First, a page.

The Town of Dearing was crowded Saturday as hundreds attended the annual Mayfest and Centennial Celebration.
"I can't guess how many are here," said Dearing Mayor Pro-Tem Allen Axon "But it seems a lot more than last year, and seems like they're staying all day."
The Mayfest began six years ago as a way to raise money to renovate the old Dearing gymnasium. Three years later, the town received a grant for the renovations, and the Mayfest funds became the local matching dollars.
Although the renovations were complete in 2008, the Mayfest was such a big hit that the tradition continued. Each year, the event kicks off with a parade down the Augusta Highway. Then, everyone flocks to the lawn in front of the gymnasium for exhibits, craft and food vendors, inflatable rides, local entertainment under a big tent and a hamburger cook-off.
Funds raised this year benefit the Good Samaritan House -- a free or reduced-cost health clinic on North Main Street in Dearing. The goal of the Mayfest Committee is to raise $10,000 for the clinic.
"They need things for a lab and they need internet. So, we're trying to help them so they can help the community," Gladys Rodgers said.
This year's Mayfest also was the start of a celebration for the town's 100th anniversary. Mrs. Rodgers said she and Juliet Hampton, Rowe Bowen, Betty McNiff and Charles Massey dressed in period attire, "giggled and laughed and had a good time," and put on a skit telling how the town came into being. According to the skit, the town was first called Lombardy.
"But we changed the name because people got drunk in Augusta and got on the train, they'd say 'Just put me off in hell,' and they'd get thrown off in Lombardy," Mrs. Rodgers said. "We just didn't like that, so we changed our name to Dearing. ... Eventually, we became one of the most respected communities around."
A more serious version of the town's history was shown inside the gymnasium. The beginnings of a video was available for viewing and to order copies of. Mary Wells said the video is a timeline that begins at Dearing's earliest history and will go through the centennial celebration on Aug. 13, 2010.
"So, we don't know yet how long it will be," Mrs. Wells said, adding that the video consists of pictures and scenes, people telling their memories and video footage of the Mayfest.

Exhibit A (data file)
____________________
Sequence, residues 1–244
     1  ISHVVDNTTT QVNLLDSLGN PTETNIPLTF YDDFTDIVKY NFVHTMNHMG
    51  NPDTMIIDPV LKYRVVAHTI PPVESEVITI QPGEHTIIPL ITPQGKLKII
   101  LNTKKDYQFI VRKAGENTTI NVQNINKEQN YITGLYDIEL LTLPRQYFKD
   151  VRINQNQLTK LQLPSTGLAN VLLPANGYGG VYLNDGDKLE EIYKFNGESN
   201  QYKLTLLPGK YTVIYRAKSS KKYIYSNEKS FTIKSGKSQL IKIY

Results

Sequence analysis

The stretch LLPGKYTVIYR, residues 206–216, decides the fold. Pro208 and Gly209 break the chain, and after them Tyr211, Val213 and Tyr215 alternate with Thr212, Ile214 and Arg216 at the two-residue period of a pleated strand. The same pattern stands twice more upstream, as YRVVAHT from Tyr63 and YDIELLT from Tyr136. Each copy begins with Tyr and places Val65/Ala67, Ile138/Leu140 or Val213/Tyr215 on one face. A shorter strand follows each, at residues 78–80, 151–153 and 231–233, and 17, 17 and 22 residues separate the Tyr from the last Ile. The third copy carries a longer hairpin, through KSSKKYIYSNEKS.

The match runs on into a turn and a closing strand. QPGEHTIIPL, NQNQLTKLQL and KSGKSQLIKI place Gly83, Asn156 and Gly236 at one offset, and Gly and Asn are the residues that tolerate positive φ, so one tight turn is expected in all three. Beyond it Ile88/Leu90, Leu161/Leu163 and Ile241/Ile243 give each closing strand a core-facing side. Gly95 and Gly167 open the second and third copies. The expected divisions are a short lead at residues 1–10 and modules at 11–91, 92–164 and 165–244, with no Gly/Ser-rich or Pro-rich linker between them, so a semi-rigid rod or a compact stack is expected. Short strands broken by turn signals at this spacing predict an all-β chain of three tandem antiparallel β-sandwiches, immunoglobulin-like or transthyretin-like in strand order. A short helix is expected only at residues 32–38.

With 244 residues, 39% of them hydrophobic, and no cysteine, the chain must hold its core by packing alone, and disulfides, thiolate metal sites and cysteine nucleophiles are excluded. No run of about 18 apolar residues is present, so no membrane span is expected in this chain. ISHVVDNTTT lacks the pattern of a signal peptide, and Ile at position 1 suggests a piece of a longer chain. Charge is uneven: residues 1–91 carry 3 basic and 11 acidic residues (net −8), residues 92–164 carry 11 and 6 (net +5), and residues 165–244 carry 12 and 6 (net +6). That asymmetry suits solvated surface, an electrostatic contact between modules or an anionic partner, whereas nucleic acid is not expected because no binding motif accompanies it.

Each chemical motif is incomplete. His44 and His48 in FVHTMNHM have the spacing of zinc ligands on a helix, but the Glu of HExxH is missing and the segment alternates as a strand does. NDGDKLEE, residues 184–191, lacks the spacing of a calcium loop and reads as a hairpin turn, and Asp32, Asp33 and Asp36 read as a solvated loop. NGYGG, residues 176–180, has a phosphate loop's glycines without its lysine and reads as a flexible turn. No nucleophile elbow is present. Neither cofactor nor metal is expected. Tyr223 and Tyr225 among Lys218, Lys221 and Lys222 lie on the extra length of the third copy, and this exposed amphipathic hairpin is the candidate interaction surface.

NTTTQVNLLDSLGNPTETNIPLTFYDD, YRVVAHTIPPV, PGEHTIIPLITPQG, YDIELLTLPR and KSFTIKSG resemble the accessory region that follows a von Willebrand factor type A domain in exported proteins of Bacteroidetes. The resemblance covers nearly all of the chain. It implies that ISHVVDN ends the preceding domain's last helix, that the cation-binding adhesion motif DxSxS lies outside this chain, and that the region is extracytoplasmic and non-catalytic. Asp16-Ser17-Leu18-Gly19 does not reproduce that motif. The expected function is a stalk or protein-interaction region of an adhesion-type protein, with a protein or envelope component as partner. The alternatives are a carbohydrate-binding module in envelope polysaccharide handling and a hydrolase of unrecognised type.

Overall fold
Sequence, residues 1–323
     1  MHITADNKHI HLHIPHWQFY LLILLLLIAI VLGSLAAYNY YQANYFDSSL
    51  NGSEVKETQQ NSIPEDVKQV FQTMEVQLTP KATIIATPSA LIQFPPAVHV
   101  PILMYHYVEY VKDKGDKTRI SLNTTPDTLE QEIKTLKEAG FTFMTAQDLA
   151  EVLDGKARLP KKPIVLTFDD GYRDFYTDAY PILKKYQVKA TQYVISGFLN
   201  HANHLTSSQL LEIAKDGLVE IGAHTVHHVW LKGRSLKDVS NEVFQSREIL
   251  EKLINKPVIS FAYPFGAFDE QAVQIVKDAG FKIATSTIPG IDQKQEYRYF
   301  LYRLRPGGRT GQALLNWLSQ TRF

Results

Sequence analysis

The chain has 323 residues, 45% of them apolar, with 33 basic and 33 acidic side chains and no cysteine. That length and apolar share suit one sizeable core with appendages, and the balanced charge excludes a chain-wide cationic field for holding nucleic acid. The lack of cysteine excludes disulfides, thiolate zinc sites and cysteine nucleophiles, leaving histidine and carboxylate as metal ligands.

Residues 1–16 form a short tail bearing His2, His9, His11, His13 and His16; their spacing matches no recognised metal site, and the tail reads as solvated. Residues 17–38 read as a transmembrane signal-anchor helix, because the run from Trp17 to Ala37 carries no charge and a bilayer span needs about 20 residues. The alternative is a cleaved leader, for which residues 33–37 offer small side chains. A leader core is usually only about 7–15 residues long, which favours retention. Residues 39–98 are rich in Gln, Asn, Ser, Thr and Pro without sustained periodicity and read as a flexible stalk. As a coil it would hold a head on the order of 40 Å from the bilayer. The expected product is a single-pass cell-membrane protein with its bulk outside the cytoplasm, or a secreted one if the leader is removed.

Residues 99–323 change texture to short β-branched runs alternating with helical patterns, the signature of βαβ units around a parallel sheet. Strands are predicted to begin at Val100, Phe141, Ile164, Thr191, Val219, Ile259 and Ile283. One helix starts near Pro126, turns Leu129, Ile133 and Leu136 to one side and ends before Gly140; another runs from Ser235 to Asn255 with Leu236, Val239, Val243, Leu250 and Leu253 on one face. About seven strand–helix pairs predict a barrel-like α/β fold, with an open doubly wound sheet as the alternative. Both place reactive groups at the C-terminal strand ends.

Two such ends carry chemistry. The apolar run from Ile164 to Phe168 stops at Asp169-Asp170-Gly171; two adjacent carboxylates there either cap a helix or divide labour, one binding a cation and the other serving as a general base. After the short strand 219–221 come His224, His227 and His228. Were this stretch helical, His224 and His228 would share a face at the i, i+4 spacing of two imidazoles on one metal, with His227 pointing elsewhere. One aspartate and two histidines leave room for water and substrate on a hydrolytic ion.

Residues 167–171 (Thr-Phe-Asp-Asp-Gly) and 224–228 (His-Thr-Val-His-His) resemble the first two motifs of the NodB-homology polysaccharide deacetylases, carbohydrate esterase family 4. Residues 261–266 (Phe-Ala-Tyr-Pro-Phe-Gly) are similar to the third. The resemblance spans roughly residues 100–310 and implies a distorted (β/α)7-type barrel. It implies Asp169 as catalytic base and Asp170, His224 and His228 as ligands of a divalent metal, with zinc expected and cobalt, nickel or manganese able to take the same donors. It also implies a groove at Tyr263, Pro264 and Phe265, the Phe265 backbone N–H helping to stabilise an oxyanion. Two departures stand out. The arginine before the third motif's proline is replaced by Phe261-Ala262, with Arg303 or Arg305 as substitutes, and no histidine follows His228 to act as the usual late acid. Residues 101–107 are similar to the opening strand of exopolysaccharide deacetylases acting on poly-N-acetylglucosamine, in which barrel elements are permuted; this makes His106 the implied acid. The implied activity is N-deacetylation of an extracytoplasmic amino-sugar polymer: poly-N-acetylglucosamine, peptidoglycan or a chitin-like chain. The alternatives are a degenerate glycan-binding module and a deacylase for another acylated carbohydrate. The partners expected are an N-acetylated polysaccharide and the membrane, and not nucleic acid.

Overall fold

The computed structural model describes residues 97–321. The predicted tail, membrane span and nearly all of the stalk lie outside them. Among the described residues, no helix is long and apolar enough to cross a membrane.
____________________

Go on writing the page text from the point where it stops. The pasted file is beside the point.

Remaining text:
The video should be ready by the fall, and anyone interested in purchasing it may contact Dearing City Hall at 706- 556-3725.
Miss Allene's Burger Battle took place at noon with six teams competing to see who could cook the best hamburger.
"It was hard to decide the top three, because they were all very, very good," said Dexter Lovins, one of the judges. "But, none were as good as Miss Allene's. Her's were the best."
In addition to Mr. Lovins, who is a member of the McDuffie County Board of Education, the other celebrity judges were Todd Upchurch, pastor of Calvary Baptist Church, and Laura Hughes, principal of Dearing Elementary School. Bill Loper organized the cook-off, which is named after Allene Reeves, who served hamburgers in her sandwich shop in Dearing from the 1940s through the 1980s.
Lisa Modlin and Sylvia Richardson moved to Dearing a few months ago, so they never knew Mrs. Reeves. But, that didn't stop them from entering the cook-off. And it didn't take them long to learn just how coveted the rights to the trophy are.
"We're getting that mayor's trophy," Ms. Modlin said, pointing to Dearing Mayor Sean Kelley's booth. "He put it out there for intimidation, but it's going to be ours."
Mayor Kelley, who teams up with Bobby Tolson each year to form "B.S. Burgers" ended up keeping the trophy with the first place finish. And as is the case every year, B.S. Burgers also won the "People's Choice" prize.
Second place went to Kyle Raburn and Ashley Keith, who called themselves "Pig Punisher." Third place went to Daryl Bullock of Augusta and Crawford McConnell of Appling, who cooked for "Hunters Taking Aim On Hunger."
Mrs. Rodgers said the B.S. Burgers and Pig Punishers donated their winning checks back to the Mayfest committee for the Good Samaritan House. Mr. McConnell said they were donating theirs to "Hunters Taking Aim" which would feed the hungry in Columbia County.
"So, it all goes back into the community," Mrs. Rodgers said.